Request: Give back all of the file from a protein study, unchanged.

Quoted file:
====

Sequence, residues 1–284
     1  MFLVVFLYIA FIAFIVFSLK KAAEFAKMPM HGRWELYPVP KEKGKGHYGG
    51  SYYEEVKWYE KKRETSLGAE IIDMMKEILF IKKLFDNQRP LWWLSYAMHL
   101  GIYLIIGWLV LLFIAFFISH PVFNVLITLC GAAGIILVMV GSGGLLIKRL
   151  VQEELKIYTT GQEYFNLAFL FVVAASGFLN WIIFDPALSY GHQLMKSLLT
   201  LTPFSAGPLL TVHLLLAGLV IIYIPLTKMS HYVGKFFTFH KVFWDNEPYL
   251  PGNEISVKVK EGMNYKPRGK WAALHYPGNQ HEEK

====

Sequence, residues 1–284
     1  MFLVVFLYIA FIAFIVFSLK KAAEFAKMPM HGRWELYPVP KEKGKGHYGG
    51  SYYEEVKWYE KKRETSLGAE IIDMMKEILF IKKLFDNQRP LWWLSYAMHL
   101  GIYLIIGWLV LLFIAFFISH PVFNVLITLC GAAGIILVMV GSGGLLIKRL
   151  VQEELKIYTT GQEYFNLAFL FVVAASGFLN WIIFDPALSY GHQLMKSLLT
   201  LTPFSAGPLL TVHLLLAGLV IIYIPLTKMS HYVGKFFTFH KVFWDNEPYL
   251  PGNEISVKVK EGMNYKPRGK WAALHYPGNQ HEEK